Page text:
BSJ

The Butler Scholarly Journal

Category: History

  1. Butler’s Stunted Legacy: Twenty-First Century Perspectives on Sex-Work

    Over a century ago, Josephine Butler passionately campaigned against the Contagious Diseases Acts, which allowed the arrest of those believed to be prostitutes operating in seaports and military towns. In just three years, her efforts were successful but the discussion about the decriminalisation of sex-work remains as relevant as ever. Although the act of selling sex is not illegal itself in Great Britain, solicitation, procuring, and running a brothel are all criminalised under various twentieth-century laws. In Northern Ireland, even the first act is a crime due to a recent 2015 law there. Abolitionists argue that these laws expose sex…

  2. Stella Browne, Ideological Innovations and Interventions: The Long Road to Abortion Reform in Britain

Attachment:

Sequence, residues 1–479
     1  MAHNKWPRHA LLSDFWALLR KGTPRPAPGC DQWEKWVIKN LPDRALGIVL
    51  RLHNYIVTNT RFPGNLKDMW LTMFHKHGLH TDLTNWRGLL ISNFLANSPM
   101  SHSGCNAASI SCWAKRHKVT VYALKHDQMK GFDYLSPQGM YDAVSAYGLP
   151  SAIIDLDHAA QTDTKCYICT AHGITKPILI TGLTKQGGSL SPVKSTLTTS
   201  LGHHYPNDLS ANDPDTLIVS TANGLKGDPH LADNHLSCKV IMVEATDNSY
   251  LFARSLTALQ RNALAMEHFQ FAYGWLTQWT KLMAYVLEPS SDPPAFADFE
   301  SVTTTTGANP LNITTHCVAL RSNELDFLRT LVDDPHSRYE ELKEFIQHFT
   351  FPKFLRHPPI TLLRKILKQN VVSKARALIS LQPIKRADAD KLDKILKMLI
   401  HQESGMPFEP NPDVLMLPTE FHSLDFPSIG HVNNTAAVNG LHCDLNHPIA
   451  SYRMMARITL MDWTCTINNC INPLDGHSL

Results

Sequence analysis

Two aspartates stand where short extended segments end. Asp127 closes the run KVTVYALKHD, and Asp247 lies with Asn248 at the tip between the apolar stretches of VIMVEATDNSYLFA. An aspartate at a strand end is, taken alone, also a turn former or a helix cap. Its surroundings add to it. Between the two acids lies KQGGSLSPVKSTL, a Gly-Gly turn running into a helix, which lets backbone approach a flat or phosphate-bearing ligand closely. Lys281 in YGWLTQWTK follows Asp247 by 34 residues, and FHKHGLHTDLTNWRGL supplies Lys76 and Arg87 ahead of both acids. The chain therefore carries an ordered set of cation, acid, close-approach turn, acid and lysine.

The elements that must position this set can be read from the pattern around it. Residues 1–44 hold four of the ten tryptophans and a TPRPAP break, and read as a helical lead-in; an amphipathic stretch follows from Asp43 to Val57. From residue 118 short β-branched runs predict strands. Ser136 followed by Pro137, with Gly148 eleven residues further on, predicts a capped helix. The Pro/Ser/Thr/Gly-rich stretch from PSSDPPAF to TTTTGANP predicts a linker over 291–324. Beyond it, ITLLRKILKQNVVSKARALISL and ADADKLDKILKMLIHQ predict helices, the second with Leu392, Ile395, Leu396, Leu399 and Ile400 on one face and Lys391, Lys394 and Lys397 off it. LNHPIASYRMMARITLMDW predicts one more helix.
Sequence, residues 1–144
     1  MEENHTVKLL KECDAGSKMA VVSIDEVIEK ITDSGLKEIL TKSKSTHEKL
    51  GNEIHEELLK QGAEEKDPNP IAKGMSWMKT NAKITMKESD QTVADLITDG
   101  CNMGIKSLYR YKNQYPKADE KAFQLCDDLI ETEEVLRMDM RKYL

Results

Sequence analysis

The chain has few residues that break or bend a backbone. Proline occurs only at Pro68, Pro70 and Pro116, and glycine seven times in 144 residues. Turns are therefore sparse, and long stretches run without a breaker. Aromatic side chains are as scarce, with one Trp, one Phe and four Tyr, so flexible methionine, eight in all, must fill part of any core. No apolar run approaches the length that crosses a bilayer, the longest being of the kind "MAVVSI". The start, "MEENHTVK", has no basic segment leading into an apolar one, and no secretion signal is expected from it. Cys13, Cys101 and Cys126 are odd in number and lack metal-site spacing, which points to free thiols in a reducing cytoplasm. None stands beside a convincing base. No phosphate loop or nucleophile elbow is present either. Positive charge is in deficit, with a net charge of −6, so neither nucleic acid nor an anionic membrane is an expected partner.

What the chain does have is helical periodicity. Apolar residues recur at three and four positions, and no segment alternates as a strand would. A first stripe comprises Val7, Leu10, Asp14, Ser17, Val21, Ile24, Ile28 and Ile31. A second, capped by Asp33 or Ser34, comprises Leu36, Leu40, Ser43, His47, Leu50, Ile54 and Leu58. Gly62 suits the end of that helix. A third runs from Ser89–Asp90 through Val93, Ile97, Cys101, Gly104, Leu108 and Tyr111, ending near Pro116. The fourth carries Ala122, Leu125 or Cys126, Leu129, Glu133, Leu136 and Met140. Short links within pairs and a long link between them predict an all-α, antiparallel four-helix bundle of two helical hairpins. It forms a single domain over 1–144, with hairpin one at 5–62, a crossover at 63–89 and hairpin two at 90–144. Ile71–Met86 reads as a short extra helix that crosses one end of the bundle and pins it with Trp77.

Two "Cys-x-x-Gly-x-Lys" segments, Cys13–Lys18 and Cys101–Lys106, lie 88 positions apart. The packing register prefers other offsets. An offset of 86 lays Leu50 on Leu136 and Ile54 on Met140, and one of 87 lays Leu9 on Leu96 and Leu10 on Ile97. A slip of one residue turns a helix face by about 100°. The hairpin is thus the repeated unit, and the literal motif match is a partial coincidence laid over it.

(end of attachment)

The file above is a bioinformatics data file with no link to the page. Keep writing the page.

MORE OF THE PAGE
Stella Browne was a socialist sex reformer during the interwar period. Raised in a middle-class home by her widowed mother, Browne went on to study at Somerville College, Oxford; the place where she encountered ideas of socialism and feminism.[1] Not only was Browne a prolific writer on matters of sexual politics, but she was an active member of the birth control movement, the Abortion Law Reform Association, the Humanitarian League and the Divorce Law Reform Union, amongst others.[2] Stella Browne has often taken a marginal position within the history of interwar sex reformers. She also never established herself as a…

  3. ‘The Power of Human Activity in Shaping English Place Names’

    The complexity of the origin of the English language has led to vast variations in the backgrounds of place names on a national scale. As a consequence of the immeasurable influences from a plethora of exogenous forces, place names stem from a variety of geneses, of which will be explored. The influence of the monarchy and royalty on English place names has undeniably been vast. Primarily, it seems plausible to focus on the addition of ‘Regis’ to the names of English towns. Stemming from the Latin for ‘of the King’, this term signifies the historical presence of royal manors or…

  4. Did early modern women face unpassable limitations in their attempts to gain agency?